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Sastry's 10-year study of New Orleans Katrina evacuees shows demographic differences between returning and nonreturning

Stafford says less educated, smaller investors more likely to sell off stock and lock in losses during market downturn

Chen says job fit, job happiness can be achieved over time

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Deirdre Bloome wins ASA award for work on racial inequality and intergenerational transmission

Bob Willis awarded 2015 Jacob Mincer Award for Lifetime Contributions to the Field of Labor Economics

David Lam is new director of Institute for Social Research

Elizabeth Bruch wins Robert Merton Prize for paper in analytic sociology

Next Brown Bag

Monday, Oct 12
Joe Grengs, Policy & Planning for Social Equity in Transportation

psc brown bag iconManagerial Incentives in Public Service Delivery: Evidence from School-based Nutrition Programs in Rural China

Grant Miller (Stanford University)

04/21/2014, at noon in room 6050 ISR-Thompson.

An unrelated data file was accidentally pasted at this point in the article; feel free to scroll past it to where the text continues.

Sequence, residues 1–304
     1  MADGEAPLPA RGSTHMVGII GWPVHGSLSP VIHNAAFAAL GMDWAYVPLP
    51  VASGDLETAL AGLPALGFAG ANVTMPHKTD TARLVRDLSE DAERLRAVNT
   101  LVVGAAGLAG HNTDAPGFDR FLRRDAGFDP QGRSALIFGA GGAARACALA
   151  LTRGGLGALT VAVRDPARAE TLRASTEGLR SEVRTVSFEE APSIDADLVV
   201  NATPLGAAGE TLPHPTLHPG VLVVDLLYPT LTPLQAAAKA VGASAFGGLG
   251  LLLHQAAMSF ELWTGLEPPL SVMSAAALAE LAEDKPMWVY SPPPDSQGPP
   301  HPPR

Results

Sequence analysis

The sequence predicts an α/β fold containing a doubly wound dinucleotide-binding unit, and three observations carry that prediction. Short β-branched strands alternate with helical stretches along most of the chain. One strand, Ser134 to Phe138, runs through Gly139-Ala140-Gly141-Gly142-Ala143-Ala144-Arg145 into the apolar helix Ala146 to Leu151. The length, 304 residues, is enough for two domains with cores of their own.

A large literature examines performance pay for managers in the private sector, but less is known about performance pay for public sector managers. Here we look at performance incentives for school administrators and how their responses to incentives vary with the amount of resources under their control. Our focus is the implementation of new, school-based programs to reduce childhood anemia in rural China. We randomly assigned 170 schools to three levels of performance pay for reductions in student anemia across which we orthogonally assign two levels of block grants. Three key findings emerged. First, with a smaller block grant, large incentives were effective, but smaller incentives (10% of the size) were ineffective in reducing anemia. Second, absent explicit anemia-based incentives, increasing the size of block grants under the control of school administrators led to sizable reductions, but was much more costly than incentives alone. Third, incentives crowd out the effect of additional resources (or vice-versa). Our evidence suggests that this crowding-out result is attributable, at least in part, to risk avoidance and the nature of existing 'bureaucratic incentives' facing school administrators.

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